These western slender bluets are tiny, as are most of their damselfly ilk. A close approach is important in order to obtain good images.
I've noticed that there are a few traits that make a photographer better than average (and I'm not saying that I am, but I do try and improve). One is technical mastery of the equipment, and with today's complex cameras that takes some serious work. Two, an eye for light and composition can make what might be a mediocre shot in some hands a really fabulous image in other hands. Three, really trying to learn your subjects makes a huge difference. Knowledge of what animals might be where, and how they behave, helps tremendously when stalking prey.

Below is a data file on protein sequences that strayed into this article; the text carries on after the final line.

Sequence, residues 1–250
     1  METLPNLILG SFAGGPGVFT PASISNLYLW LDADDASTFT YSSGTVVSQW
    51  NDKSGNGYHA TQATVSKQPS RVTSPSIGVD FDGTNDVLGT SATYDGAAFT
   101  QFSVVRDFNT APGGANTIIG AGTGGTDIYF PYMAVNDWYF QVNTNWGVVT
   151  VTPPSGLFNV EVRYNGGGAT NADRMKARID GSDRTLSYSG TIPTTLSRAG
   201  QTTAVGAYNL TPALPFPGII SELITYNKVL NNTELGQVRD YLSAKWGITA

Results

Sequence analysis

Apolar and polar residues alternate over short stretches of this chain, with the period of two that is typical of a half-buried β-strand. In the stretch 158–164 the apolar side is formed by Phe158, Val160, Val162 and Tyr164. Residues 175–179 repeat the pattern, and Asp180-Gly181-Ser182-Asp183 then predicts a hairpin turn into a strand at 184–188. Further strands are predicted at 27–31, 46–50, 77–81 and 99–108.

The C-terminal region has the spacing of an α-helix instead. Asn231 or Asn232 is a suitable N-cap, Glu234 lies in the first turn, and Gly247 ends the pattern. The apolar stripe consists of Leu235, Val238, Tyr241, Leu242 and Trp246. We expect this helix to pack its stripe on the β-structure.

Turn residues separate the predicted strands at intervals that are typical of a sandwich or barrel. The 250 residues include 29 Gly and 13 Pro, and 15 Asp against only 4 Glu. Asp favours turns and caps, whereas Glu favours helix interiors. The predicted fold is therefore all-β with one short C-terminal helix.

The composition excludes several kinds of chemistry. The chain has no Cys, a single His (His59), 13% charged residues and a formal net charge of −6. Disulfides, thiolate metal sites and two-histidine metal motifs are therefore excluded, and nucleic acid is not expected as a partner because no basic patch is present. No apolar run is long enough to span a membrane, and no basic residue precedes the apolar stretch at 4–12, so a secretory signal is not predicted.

Finally, a willingness to become one with your subject, and sometimes that involves wading shoulder-deep into a wetland. I don't always get this wet, but I am constantly lying on my belly or otherwise contorting myself to get better angles of the plants or critters that I'm shooting.
But it seems to throw these reptiles for a loop when only your head and shoulders project from the water. I decided to slowly make my way towards the turtle, and see if I could make some photos.
After I was done making my photos, I retreated and the turtle remained on her basking perch. In addition to being grateful that the turtle allowed me to share her space, I was thankful that no leeches attached themselves to me this time.
Thanks to Cheryl Erwin for taking the photos of me neck-deep in the wetland!